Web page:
If the parent laminate’s design boundary is set to extended, all of its child plies’ boundaries, splice curves, and darts must be trimmed to the laminate extended boundary. Further, Holes defined in plies must be completely inside the parent laminate’s net boundary. Finally, child plies’ net geometry members will be read only, their net boundaries will not highlight, net producibility simulations cannot be run, and their net flat patterns cannot be generated.

1.) Please open the example model, select Laminate from the left-hand Applications tree, right-click in the empty list to the right, and select Create New.Laminates1.jpg


2.) In the “create Laminate” form, change the name to DUCT, and the Step to 1. Next, click the Link Geometry button next to Layup Surface as shown below:Laminates2.jpg


3.) In the NX graphics window, select the highlighted sheet body and click OK.Laminates3.jpg


4.) Click the Link Geometry button next to Net Boundary and select the curve shown. Then click OK.Laminates4.jpg


5.) Click the Link Geometry button next to Extended Boundary and select the curve shown. Then click OK.FibersimLaminates5.jpg


6.) On the right-hand side of the Standard tab of the “create Laminate” form is the choice for the Design Boundary (Net or Extended). Once the Laminate has been created, this option cannot be edited. In this case, we want to design plies to the laminate net boundary, so please leave the default Net selection. Click OK to save the new laminate.FibersimLaminates6.jpg


Sequence Order

Sequence and Step values are used to organize laminates and their child components (plies and cores) a logical manner. Laminates are typically given unique Sequence values, while their children should be assigned the same Sequence as their parents. Further, within this hierarchical framework, child components should be given Step values larger than the Step values of their parent laminates. Doing so denotes that a laminate’s children come “after” the laminate. Assigning Sequence and/or Step values to children “before” their parents (smaller values) would not make logical sense and will likely cause errors downstream in the Fibersim workflow.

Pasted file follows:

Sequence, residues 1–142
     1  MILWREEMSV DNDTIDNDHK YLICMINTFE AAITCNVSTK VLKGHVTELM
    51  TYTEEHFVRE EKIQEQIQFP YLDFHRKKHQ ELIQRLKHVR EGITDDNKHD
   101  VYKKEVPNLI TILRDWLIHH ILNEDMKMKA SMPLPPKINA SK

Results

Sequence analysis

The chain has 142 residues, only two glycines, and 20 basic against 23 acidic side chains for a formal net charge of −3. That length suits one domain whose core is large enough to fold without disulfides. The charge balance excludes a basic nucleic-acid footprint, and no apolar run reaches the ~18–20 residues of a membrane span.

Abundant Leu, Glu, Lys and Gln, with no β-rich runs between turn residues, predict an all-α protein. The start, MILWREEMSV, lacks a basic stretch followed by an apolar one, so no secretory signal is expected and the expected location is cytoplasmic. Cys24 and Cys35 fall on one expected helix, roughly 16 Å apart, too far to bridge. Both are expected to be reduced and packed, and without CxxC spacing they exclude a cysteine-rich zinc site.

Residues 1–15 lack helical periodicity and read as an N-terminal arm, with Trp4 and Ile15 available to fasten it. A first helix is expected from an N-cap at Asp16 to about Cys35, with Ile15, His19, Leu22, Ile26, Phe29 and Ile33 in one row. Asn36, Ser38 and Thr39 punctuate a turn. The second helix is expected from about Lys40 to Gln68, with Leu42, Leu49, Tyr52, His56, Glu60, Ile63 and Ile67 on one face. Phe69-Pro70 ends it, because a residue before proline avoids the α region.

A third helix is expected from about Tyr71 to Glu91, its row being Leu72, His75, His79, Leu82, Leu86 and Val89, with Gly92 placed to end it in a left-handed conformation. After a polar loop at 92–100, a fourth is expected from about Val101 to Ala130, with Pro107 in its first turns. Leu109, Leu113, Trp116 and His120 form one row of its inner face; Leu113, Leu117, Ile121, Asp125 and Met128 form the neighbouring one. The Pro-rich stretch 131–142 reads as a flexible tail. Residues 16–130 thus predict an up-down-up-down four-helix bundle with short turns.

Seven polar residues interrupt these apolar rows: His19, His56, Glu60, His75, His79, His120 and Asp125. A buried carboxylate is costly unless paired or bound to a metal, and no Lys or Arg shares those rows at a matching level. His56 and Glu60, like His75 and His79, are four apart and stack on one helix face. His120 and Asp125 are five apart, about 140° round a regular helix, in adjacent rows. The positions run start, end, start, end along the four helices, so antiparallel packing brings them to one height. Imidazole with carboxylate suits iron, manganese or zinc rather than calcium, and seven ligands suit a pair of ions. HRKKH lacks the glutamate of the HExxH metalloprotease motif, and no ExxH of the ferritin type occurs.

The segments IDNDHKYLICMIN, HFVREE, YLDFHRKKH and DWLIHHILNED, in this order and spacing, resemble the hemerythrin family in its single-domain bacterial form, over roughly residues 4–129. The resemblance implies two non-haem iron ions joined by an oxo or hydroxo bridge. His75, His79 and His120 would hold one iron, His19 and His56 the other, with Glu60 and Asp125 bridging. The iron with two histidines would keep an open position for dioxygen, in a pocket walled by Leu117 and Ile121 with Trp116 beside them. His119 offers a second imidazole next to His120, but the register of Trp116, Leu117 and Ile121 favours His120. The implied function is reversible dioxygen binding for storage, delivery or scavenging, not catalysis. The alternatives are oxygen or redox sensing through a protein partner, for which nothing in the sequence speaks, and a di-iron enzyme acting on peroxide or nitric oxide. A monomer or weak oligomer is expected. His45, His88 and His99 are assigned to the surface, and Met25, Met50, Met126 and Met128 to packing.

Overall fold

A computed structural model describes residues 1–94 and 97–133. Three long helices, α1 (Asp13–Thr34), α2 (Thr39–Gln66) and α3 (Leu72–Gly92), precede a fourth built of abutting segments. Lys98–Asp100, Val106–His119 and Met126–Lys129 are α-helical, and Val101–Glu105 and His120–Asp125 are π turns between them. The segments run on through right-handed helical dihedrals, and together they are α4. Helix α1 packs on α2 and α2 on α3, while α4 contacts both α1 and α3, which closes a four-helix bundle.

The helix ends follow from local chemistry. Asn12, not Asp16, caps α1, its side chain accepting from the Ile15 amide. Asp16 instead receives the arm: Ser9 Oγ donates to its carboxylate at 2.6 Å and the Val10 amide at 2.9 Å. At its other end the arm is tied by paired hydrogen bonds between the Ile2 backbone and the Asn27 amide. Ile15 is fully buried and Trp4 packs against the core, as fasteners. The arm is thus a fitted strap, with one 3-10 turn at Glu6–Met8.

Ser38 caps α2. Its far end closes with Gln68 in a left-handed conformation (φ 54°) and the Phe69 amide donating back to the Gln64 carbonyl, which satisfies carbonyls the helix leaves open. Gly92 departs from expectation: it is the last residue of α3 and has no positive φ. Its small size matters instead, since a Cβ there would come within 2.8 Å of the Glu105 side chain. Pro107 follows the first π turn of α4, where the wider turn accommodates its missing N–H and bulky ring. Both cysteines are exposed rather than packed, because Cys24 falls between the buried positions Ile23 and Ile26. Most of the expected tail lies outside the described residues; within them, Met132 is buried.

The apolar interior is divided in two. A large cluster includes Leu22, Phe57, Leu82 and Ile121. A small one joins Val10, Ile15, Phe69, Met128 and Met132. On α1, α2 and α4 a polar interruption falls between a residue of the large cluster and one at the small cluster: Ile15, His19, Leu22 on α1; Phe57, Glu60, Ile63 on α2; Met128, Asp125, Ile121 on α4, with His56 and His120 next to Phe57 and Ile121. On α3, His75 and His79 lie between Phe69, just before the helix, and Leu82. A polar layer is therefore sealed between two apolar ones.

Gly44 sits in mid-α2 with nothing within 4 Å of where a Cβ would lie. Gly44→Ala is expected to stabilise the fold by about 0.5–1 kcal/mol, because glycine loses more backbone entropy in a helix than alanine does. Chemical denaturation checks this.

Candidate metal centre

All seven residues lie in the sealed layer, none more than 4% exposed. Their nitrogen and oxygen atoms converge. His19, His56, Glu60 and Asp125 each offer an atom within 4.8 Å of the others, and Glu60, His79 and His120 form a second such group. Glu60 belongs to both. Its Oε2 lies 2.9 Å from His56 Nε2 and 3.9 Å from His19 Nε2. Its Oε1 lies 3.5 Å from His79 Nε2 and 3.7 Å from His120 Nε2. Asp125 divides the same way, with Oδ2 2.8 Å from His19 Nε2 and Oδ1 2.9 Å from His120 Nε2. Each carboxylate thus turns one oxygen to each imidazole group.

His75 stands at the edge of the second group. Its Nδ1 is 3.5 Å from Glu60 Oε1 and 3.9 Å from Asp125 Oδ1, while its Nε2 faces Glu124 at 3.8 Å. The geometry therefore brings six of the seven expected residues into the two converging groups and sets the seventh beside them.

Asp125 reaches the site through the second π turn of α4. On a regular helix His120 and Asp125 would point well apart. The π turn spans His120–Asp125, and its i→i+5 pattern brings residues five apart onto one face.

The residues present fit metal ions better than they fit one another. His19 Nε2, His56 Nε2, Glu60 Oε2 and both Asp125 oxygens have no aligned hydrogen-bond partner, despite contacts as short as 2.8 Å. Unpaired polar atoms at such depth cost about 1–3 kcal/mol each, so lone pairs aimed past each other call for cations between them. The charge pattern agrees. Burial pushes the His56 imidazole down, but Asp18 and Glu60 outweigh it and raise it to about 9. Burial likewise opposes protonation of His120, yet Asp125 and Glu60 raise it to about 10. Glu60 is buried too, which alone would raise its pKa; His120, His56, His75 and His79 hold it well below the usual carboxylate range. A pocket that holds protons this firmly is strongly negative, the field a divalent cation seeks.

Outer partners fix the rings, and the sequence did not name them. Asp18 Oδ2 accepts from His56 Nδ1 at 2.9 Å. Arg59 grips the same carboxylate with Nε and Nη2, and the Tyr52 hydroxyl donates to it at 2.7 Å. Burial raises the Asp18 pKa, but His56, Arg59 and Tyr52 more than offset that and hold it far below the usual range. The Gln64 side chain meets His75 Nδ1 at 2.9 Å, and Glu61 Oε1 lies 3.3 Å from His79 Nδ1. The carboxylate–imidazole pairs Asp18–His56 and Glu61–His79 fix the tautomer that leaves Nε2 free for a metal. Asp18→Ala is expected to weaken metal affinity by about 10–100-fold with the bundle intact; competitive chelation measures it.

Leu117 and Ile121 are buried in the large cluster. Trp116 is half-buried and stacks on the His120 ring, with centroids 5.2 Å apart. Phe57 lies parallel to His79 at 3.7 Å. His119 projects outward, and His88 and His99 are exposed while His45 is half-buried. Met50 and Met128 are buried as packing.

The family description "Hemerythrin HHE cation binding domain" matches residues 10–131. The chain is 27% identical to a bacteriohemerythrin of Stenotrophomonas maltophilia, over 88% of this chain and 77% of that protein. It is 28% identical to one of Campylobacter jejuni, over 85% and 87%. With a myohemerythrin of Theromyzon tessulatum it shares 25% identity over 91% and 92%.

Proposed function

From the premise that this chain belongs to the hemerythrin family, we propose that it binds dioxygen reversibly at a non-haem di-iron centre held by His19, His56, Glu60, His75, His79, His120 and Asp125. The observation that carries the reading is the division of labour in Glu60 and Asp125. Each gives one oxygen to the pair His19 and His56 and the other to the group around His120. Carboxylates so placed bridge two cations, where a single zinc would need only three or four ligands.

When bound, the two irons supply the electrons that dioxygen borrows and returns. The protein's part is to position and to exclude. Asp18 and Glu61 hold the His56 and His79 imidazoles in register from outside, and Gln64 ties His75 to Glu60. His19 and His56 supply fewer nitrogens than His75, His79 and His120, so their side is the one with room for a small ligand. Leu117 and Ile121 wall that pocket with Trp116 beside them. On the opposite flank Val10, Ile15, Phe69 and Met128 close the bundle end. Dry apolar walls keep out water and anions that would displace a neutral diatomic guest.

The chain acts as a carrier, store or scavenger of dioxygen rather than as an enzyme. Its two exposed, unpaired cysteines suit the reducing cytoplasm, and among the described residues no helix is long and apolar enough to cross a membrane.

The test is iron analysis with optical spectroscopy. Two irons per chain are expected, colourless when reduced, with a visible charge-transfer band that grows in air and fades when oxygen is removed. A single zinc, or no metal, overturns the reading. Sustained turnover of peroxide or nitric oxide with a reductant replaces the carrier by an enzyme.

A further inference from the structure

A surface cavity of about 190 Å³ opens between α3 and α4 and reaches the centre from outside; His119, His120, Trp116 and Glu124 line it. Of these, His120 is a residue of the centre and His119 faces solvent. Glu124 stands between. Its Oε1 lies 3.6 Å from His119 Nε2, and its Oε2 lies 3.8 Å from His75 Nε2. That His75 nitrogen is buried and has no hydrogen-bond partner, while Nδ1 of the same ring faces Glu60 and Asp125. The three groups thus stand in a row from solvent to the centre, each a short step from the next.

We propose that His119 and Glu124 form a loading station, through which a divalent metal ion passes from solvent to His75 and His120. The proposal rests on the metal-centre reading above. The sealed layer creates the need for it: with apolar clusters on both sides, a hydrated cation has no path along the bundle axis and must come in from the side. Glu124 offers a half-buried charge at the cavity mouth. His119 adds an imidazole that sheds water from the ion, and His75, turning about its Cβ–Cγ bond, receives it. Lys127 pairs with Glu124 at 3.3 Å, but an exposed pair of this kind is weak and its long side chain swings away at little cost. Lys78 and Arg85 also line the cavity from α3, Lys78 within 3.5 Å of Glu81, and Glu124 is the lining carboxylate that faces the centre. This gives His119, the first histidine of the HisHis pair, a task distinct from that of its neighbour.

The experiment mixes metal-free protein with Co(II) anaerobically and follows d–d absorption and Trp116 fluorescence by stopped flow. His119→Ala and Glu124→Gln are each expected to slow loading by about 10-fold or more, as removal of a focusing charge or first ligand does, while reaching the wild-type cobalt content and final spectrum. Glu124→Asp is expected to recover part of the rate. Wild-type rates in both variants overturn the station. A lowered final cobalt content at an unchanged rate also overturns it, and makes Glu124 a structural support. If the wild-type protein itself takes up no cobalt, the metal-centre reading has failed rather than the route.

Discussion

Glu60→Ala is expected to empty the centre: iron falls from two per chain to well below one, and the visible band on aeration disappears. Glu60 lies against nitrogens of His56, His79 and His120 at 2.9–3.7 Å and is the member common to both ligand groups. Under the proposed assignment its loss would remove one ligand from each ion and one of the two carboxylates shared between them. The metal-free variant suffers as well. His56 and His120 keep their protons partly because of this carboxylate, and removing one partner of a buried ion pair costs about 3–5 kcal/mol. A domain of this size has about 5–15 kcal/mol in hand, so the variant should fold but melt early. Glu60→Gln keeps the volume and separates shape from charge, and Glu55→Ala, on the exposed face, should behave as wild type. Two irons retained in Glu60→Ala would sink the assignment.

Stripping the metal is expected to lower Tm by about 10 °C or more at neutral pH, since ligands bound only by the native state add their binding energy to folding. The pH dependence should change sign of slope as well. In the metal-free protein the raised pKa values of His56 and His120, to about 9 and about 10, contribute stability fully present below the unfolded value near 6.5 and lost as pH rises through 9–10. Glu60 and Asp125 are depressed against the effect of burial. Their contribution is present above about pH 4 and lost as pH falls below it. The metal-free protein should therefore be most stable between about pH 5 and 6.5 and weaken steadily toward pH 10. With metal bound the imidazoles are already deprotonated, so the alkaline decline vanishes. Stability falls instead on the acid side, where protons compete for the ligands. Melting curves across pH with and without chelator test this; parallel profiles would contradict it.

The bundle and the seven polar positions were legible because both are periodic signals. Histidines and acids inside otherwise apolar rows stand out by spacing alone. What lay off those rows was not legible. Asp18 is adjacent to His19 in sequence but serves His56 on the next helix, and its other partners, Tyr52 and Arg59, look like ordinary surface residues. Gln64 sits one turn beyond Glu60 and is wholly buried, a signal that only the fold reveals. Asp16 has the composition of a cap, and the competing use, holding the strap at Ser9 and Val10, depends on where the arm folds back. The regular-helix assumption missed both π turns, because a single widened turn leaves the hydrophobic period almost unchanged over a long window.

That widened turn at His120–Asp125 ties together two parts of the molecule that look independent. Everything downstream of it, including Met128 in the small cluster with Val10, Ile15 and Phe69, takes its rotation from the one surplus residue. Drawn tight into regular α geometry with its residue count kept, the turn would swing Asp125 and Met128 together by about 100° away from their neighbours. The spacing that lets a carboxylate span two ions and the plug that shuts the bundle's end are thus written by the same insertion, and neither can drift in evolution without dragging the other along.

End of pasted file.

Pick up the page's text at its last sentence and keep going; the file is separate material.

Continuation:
The Analysis tab of the “create/modify Laminate” form calculates the total combined center of gravity, weight, area, perimeter, and cost of child components. There are two sets of analysis data for each laminate: one for the net boundary and one for the extended boundary. To update these calculated values, the child plies’ net and extended producibility simulations must be up to date. If the part contains cores, analysis data must be entered in the core form to be properly reflected in net and extended analysis data. As core objects can be defined in a variety of ways, Fibersim does not automatically generate core analysis information; it is manually entered.FibersimLaminates8ModifyingLaminates.jpg